Dehydration and what it does to your body

It’s common knowledge that water makes up a large portion of our bodies and plays an important part in a variety of processes.

Many people, however, do not drink enough water for a variety of reasons, ranging from stress to a strong distaste of its flavor. Moderate dehydration on a daily basis implies that our bodies are not functioning at their best, putting us at risk for a variety of illnesses and diseases.

Dehydration Effects

We must replenish water that we lost throughout the day via sweat, breast- feeding, bleeding etc.

Moderate dehydration, defined as a loss of water of less than 2%, can have a visible effect on the body. Dark urine with a strong odor, stomach burning, light headedness, weariness, dry eyes and lips, and lack of appetite are all symptoms.

Sweat can help athletes shed up to 10% of their body weight during activity. This can make exercise feel much more challenging, both physically and mentally, by increasing exhaustion and altering body temperature control. When athletes retain fluid equilibrium during exercise, they perform at their best.

When dehydration is severe (20%), blood pressure drops, we get drowsy, and renal function is compromised. Muscle spasms, clumsiness, and clumsiness, not able to swallow properly, sunken eyes and shriveled skin, are some of the other symptoms.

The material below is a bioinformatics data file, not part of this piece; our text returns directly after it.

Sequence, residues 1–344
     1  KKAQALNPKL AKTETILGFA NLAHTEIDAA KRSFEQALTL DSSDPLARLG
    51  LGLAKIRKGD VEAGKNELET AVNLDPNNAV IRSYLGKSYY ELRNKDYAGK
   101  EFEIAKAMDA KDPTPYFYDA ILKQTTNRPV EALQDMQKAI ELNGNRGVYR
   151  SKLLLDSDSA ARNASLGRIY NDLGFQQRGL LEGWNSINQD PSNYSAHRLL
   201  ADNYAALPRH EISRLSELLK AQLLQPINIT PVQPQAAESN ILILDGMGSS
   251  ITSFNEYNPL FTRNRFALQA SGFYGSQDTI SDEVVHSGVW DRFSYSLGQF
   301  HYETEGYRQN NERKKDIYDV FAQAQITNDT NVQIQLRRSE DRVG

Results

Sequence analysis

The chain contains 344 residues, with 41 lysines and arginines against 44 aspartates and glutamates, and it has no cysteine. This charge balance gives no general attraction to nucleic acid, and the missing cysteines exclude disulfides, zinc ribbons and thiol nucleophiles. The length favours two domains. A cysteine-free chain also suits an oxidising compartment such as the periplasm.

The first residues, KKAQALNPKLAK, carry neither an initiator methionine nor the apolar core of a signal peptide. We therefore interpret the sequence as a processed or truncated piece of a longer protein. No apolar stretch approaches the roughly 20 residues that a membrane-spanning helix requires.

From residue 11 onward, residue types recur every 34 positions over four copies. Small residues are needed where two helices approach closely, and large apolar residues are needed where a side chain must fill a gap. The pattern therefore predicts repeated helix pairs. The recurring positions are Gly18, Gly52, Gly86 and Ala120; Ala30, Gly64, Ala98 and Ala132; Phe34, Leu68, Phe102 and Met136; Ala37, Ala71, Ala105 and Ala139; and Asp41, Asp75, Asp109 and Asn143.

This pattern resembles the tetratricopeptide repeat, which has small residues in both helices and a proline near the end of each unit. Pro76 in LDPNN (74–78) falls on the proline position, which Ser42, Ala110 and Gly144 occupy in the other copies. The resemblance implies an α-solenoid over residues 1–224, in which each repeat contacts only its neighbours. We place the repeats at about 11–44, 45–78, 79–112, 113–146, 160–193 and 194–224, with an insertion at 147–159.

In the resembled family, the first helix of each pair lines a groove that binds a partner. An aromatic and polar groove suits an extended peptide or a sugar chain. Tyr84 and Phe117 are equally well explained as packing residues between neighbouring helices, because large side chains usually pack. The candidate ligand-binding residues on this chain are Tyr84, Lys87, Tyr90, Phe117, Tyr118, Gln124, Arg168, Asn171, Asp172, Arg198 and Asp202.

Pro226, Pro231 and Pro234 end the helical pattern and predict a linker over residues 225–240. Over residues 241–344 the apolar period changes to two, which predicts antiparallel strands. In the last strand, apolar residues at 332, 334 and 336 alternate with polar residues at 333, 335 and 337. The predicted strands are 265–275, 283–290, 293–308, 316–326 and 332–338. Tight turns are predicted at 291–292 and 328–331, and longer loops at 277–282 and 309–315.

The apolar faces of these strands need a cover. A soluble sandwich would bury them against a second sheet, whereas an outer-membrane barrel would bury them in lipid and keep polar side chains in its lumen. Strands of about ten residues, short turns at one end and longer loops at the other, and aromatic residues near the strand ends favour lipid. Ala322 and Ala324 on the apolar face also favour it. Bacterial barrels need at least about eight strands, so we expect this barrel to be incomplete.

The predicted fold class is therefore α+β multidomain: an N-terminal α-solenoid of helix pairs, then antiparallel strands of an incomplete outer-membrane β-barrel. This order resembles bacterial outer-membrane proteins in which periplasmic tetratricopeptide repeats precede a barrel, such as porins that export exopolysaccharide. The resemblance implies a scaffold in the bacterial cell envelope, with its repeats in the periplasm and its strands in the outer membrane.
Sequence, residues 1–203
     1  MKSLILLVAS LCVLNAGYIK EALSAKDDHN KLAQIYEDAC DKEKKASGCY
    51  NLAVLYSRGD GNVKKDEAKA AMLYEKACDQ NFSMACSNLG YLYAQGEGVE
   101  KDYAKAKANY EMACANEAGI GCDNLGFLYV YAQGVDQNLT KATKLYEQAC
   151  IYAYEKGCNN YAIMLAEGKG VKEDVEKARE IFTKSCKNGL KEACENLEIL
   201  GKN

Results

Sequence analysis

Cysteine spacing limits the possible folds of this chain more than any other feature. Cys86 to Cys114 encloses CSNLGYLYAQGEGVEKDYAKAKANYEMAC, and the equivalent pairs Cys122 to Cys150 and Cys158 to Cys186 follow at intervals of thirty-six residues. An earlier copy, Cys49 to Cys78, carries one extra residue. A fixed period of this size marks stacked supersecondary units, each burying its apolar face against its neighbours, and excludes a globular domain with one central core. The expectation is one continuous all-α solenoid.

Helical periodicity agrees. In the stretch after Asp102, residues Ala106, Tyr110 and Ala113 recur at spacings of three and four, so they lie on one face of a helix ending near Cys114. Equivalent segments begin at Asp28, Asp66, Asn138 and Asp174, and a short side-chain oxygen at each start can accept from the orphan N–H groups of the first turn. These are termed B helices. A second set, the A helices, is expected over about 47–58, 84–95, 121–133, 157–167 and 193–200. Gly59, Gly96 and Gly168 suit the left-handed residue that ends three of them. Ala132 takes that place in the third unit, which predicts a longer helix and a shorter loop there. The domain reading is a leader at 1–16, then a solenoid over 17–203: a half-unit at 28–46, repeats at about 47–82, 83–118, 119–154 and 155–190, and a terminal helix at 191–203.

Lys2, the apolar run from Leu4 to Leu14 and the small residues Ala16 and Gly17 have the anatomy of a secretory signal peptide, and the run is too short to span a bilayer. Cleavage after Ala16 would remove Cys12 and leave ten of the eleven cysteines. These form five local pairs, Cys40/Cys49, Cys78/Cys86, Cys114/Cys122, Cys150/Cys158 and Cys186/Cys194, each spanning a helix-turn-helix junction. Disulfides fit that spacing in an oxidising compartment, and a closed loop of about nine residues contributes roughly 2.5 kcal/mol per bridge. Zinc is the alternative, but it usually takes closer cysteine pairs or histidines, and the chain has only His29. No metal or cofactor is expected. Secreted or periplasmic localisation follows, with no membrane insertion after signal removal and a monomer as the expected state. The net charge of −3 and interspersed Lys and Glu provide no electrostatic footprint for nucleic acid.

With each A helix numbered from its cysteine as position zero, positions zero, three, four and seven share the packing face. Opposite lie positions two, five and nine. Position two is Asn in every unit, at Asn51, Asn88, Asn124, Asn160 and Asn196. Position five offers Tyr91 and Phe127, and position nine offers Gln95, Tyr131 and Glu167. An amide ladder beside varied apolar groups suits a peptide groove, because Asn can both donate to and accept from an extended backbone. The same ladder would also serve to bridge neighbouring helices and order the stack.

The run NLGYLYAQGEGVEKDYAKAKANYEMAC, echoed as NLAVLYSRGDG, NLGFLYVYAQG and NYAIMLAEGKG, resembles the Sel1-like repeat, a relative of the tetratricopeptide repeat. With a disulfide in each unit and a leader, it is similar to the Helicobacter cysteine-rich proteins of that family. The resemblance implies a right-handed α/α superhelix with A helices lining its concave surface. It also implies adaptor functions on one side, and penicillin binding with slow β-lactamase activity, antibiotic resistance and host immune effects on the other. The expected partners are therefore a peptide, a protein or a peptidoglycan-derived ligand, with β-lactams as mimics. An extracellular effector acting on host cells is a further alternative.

Water is essential for transporting, absorbing, digesting, and utilizing nutrients like vitamins, minerals, amino acids, and many more. As a result, when there is less water, nutrients can’t get to where they’re needed.

Dehydration over a long length of time can result in malnutrition, which can lead to a variety of nutritional and physical issues.

Listed below are a few examples:

Antioxidants in foods help us stay healthy by boosting our immune and preserving our skin and hair from free radical damage. When antioxidants aren’t delivered (which, as we all know, water is mostly responsible for), it can have an impact on how we look and feel. Many lifestyle diseases, including cancer, heart disease, and diabetes, are linked to free-radical damage. As a result, dehydration has an indirect impact on everything from ageing to disease.

Blood thickens due to a lack of water in the body. This means your heart needs to work harder to circulate blood, and it clots readily, raising your risk of heart disease.

Tryptophan is an amino acid that is essential for the production of serotonin, a mood-regulating hormone. Dehydration can cause mood problems and sadness by limiting the amount of tryptophan available to the brain. Mild dehydration has been demonstrated to affect mood, memory, and cognitive performance in a variety of studies, spanning from children to the elderly.

Maintaining a healthy level of hydration has been demonstrated to help with migraines, urinary tract infections, constipation, blood pressure, glaucoma, diabetes problems, and a slew of other ailments.

Weight Control and Hydration

Many people believe that drinking more water helps you lose weight by improving your metabolism and decreasing your appetite; however, these effects are minor and only last a short time. However, drinking half a liter of water 30 minutes before a meal appears to reduce calorie consumption.

Managing Fluids In the Body